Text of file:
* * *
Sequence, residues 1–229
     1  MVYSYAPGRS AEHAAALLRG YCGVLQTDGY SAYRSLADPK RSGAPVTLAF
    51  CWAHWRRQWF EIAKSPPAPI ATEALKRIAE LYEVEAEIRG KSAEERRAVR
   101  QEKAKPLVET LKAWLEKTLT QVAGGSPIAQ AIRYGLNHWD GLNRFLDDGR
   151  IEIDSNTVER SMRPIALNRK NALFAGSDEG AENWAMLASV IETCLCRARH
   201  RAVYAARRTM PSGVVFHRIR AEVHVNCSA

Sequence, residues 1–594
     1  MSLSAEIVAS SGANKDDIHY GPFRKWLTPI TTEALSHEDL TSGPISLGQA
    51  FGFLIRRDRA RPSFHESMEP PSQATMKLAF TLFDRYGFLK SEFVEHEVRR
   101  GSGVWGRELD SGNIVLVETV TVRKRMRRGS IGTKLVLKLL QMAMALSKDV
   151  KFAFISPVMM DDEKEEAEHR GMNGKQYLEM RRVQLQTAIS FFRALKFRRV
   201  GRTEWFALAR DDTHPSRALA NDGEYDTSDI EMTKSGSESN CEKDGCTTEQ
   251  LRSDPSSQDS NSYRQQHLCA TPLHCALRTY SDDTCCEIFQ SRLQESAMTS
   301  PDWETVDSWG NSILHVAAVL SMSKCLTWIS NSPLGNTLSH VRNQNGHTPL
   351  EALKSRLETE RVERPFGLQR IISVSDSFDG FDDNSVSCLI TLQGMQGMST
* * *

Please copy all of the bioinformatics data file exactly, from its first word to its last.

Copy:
Sequence, residues 1–229
     1  MVYSYAPGRS AEHAAALLRG YCGVLQTDGY SAYRSLADPK RSGAPVTLAF
    51  CWAHWRRQWF EIAKSPPAPI ATEALKRIAE LYEVEAEIRG KSAEERRAVR
   101  QEKAKPLVET LKAWLEKTLT QVAGGSPIAQ AIRYGLNHWD GLNRFLDDGR
   151  IEIDSNTVER SMRPIALNRK NALFAGSDEG AENWAMLASV IETCLCRARH
   201  RAVYAARRTM PSGVVFHRIR AEVHVNCSA

Sequence, residues 1–594
     1  MSLSAEIVAS SGANKDDIHY GPFRKWLTPI TTEALSHEDL TSGPISLGQA
    51  FGFLIRRDRA RPSFHESMEP PSQATMKLAF TLFDRYGFLK SEFVEHEVRR
   101  GSGVWGRELD SGNIVLVETV TVRKRMRRGS IGTKLVLKLL QMAMALSKDV
   151  KFAFISPVMM DDEKEEAEHR GMNGKQYLEM RRVQLQTAIS FFRALKFRRV
   201  GRTEWFALAR DDTHPSRALA NDGEYDTSDI EMTKSGSESN CEKDGCTTEQ
   251  LRSDPSSQDS NSYRQQHLCA TPLHCALRTY SDDTCCEIFQ SRLQESAMTS
   301  PDWETVDSWG NSILHVAAVL SMSKCLTWIS NSPLGNTLSH VRNQNGHTPL
   351  EALKSRLETE RVERPFGLQR IISVSDSFDG FDDNSVSCLI TLQGMQGMST